Gericke, Wilhelm, noted Austrian conductor; b. Schwanberg, April 18, 1845; d. Vienna, Oct. 27, 1925. He studied with Dessoff at the Vienna Cons. (1862–65). After a number of engagements as guest conductor in provincial theaters, he became conductor of the municipal theater in Linz. In 1874 he joined the staff of the Vienna Court Opera as an asst. conductor. In 1880 he took charge of the Gesellschaft der Musikfreunde concerts, and also led the Singverein. From 1884 to 1889 he was conductor of the Boston Sym. Orch. Returning to Vienna, he once again served as conductor of the Gesellschaft der Musikfreunde concerts (1890–95). He was called again to America in 1898 to lead the Boston Sym. Orch., conducting its concerts until 1906; then returned to Vienna. Gericke did much to make it a fine ensemble, for he was a remarkably able conductor and a highly efficient drillmaster.
—Nicolas Slonimsky/Laura Kuhn/Dennis McIntire
"Gericke, Wilhelm." Baker’s Biographical Dictionary of Musicians. . Encyclopedia.com. (October 21, 2018). http://www.encyclopedia.com/arts/dictionaries-thesauruses-pictures-and-press-releases/gericke-wilhelm-0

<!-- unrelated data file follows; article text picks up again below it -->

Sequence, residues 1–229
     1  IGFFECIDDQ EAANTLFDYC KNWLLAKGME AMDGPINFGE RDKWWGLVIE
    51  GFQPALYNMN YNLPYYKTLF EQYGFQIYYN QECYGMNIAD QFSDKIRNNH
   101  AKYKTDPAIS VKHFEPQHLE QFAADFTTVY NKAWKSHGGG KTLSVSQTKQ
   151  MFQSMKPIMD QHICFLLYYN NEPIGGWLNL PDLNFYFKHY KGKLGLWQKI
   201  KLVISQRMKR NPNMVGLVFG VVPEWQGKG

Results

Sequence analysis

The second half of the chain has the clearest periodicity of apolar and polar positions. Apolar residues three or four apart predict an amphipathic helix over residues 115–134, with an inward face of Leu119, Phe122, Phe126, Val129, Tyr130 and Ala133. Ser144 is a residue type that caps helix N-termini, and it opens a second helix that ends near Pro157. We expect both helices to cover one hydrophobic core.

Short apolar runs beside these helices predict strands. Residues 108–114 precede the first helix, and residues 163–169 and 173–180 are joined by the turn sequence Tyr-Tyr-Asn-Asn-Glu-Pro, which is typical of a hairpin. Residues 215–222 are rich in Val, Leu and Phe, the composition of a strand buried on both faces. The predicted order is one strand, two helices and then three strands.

"Gericke, Wilhelm." Baker’s Biographical Dictionary of Musicians. . Retrieved October 21, 2018 from Encyclopedia.com: http://www.encyclopedia.com/arts/dictionaries-thesauruses-pictures-and-press-releases/gericke-wilhelm-0
Encyclopedia.com gives you the ability to cite reference entries and articles according to common styles from the Modern Language Association (MLA), The Chicago Manual of Style, and the American Psychological Association (APA).
Within the “Cite this article” tool, pick a style to see how all available information looks when formatted according to that style. Then, copy and paste the text into your bibliography or works cited list.
Because each style has its own formatting nuances that evolve over time and not all information is available for every reference entry or article, Encyclopedia.com cannot guarantee each citation it generates. Therefore, it’s best to use Encyclopedia.com citations as a starting point before checking the style against your school or publication’s requirements and the most-recent information available at these sites:
Modern Language Association
The Chicago Manual of Style
American Psychological Association
- Most online reference entries and articles do not have page numbers. Therefore, that information is unavailable for most Encyclopedia.com content. However, the date of retrieval is often important. Refer to each style’s convention regarding the best way to format page numbers and retrieval dates.
- In addition to the MLA, Chicago, and APA styles, your school, university, publication, or institution may have its own requirements for citations. Therefore, be sure to refer to those guidelines when editing your bibliography or works cited list.